Chief Brody's Comment
member avatar

Yep. Charging the trailer with air releases the spring brakes so the only thing holding the trailer in place would be the landing gear.

Old School's Comment
member avatar

I liked it too. Some rookies are surprised when the receiver makes them disconnect from the trailer and then asks for the keys to the truck. (Some of them actually do this) As Chief points out, there is a valid reason why some of them take extra steps for their safety.

Navypoppop's Comment
member avatar

Had it happen at our warehouse in Delaware. Driver was being loaded, had engine running for the a/c, no chock at wheels, trailer moved and fork lift drove off the dock injuring the operator but not seriously. I had no problem taking off the red airline, chocking wheels, turning over the keys and being safe rather than sorry.

Davy A.'s Comment
member avatar

At one of my customers, I gladly gave him my keys and unhooked the red. We were chatting and he told about the difficulty he had with some drivers not complying.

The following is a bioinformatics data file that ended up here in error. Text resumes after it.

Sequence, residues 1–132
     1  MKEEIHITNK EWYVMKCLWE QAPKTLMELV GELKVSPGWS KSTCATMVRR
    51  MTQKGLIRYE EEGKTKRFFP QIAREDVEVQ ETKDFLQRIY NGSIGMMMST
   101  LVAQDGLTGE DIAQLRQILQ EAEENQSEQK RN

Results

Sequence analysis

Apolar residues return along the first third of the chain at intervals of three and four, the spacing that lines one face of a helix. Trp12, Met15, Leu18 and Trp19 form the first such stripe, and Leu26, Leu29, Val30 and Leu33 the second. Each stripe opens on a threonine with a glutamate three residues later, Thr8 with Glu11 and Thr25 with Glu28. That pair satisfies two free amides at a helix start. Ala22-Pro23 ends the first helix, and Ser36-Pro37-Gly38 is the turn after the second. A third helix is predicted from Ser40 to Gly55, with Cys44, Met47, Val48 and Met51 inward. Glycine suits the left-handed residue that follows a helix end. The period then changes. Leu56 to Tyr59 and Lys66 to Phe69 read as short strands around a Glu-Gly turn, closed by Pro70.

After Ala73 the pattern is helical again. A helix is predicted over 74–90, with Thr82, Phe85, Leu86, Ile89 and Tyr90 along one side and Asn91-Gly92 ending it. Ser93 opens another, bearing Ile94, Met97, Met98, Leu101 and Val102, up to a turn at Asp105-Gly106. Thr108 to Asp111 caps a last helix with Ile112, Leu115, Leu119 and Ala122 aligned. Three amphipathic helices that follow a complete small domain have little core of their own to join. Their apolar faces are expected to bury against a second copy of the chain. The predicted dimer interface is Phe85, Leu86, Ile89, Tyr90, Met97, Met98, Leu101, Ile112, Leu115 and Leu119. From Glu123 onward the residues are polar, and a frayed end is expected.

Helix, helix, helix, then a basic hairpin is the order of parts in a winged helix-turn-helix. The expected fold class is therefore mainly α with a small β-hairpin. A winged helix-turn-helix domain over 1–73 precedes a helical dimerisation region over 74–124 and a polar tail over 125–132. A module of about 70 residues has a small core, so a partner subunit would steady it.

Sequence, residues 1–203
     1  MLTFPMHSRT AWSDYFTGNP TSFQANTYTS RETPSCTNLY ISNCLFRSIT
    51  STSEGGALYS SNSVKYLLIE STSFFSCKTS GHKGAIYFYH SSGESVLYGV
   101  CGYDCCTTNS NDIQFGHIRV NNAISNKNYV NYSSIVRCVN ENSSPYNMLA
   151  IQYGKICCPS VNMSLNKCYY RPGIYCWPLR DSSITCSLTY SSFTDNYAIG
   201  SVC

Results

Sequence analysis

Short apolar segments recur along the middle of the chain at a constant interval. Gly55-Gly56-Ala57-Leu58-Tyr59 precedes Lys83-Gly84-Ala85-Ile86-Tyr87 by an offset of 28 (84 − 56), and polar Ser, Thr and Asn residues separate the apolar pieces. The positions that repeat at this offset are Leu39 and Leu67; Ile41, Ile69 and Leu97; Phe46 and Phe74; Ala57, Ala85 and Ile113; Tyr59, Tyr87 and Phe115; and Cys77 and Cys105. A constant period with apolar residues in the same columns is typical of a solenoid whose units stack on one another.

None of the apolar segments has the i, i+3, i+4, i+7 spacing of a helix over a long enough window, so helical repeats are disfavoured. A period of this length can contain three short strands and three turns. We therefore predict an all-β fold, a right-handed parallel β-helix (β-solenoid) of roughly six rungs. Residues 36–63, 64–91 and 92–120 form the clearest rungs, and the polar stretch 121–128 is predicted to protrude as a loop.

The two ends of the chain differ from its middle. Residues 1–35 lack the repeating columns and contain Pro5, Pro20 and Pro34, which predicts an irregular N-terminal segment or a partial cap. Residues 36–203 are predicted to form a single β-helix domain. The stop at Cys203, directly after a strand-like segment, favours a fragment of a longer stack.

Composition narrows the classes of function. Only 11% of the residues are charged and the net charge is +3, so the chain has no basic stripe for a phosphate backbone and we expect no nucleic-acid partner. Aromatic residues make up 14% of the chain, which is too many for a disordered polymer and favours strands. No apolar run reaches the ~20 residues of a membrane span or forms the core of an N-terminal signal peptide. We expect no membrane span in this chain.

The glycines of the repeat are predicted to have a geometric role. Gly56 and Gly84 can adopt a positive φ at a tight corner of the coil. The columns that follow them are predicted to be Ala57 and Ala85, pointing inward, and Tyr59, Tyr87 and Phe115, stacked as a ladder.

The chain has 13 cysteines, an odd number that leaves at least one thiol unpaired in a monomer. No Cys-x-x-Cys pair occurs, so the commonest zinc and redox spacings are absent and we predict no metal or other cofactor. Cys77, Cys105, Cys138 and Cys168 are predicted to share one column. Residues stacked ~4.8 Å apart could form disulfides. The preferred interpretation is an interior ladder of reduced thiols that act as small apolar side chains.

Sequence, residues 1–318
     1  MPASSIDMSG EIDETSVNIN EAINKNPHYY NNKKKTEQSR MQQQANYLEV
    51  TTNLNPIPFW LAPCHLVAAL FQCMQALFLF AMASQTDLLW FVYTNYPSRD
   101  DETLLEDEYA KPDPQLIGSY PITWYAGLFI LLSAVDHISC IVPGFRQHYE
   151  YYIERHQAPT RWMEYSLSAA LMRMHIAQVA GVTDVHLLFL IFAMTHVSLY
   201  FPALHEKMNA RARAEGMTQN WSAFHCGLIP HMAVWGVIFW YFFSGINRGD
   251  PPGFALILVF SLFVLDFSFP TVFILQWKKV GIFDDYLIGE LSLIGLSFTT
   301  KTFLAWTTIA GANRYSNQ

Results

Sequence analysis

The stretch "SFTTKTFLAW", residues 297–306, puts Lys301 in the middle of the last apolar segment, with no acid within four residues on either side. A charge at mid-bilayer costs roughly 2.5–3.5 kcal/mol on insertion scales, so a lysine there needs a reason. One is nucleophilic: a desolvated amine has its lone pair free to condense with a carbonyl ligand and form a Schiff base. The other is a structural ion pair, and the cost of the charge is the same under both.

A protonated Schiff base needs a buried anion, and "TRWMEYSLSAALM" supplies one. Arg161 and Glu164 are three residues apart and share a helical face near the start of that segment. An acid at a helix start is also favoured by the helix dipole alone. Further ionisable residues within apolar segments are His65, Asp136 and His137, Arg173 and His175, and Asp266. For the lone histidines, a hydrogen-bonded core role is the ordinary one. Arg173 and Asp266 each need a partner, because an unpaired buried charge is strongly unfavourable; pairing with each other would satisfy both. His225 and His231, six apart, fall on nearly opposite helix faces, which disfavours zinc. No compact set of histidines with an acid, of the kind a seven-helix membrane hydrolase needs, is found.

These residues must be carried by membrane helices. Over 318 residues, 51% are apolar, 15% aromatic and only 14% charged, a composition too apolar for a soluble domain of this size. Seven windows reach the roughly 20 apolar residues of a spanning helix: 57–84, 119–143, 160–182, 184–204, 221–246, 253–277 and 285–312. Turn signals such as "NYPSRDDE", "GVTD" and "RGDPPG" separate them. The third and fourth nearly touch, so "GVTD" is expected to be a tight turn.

He really appreciated it, had me unloaded in very quick time. He said if the driver is a jerk about it, the unloading time increases exponentially lol.

Dan67's Comment
member avatar

After an incident years ago with the shipper losing my keys, I no longer hand them over. I just unhook and pull forward. If they still pitch a fit I just hand them a dummy key. I have a friend who owns a mobile locksmith and he gives old messed up blanks.

Shipper:

The customer who is shipping the freight. This is where the driver will pick up a load and then deliver it to the receiver or consignee.

PackRat's Comment
member avatar

After an incident years ago with the shipper losing my keys, I no longer hand them over.

I do the same. I'll hand over a random key from a vehicle I no longer drive.

Shipper:

The customer who is shipping the freight. This is where the driver will pick up a load and then deliver it to the receiver or consignee.

Page 1 of 1

New Reply:

New! Check out our help videos for a better understanding of our forum features

Bold
Italic
Underline
Quote
Photo
Link
Smiley
Links On TruckingTruth


example: TruckingTruth Homepage



example: https://www.truckingtruth.com
Submit
Cancel
Upload New Photo
Please enter a caption of one sentence or less: